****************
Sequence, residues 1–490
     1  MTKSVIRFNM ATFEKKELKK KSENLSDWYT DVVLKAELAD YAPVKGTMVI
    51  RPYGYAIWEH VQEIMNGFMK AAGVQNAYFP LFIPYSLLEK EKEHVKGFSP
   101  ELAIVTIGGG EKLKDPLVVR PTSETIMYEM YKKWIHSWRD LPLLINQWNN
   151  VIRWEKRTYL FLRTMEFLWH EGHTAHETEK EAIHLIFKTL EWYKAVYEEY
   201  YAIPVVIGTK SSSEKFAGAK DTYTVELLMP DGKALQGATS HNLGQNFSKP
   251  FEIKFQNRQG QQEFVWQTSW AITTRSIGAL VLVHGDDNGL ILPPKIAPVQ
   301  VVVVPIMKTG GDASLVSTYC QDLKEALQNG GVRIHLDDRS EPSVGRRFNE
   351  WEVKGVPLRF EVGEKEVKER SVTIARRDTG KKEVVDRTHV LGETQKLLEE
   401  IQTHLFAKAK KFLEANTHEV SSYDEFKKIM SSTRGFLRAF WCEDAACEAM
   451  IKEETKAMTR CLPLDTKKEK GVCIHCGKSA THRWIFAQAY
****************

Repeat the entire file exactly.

Sequence, residues 1–490
     1  MTKSVIRFNM ATFEKKELKK KSENLSDWYT DVVLKAELAD YAPVKGTMVI
    51  RPYGYAIWEH VQEIMNGFMK AAGVQNAYFP LFIPYSLLEK EKEHVKGFSP
   101  ELAIVTIGGG EKLKDPLVVR PTSETIMYEM YKKWIHSWRD LPLLINQWNN
   151  VIRWEKRTYL FLRTMEFLWH EGHTAHETEK EAIHLIFKTL EWYKAVYEEY
   201  YAIPVVIGTK SSSEKFAGAK DTYTVELLMP DGKALQGATS HNLGQNFSKP
   251  FEIKFQNRQG QQEFVWQTSW AITTRSIGAL VLVHGDDNGL ILPPKIAPVQ
   301  VVVVPIMKTG GDASLVSTYC QDLKEALQNG GVRIHLDDRS EPSVGRRFNE
   351  WEVKGVPLRF EVGEKEVKER SVTIARRDTG KKEVVDRTHV LGETQKLLEE
   401  IQTHLFAKAK KFLEANTHEV SSYDEFKKIM SSTRGFLRAF WCEDAACEAM
   451  IKEETKAMTR CLPLDTKKEK GVCIHCGKSA THRWIFAQAY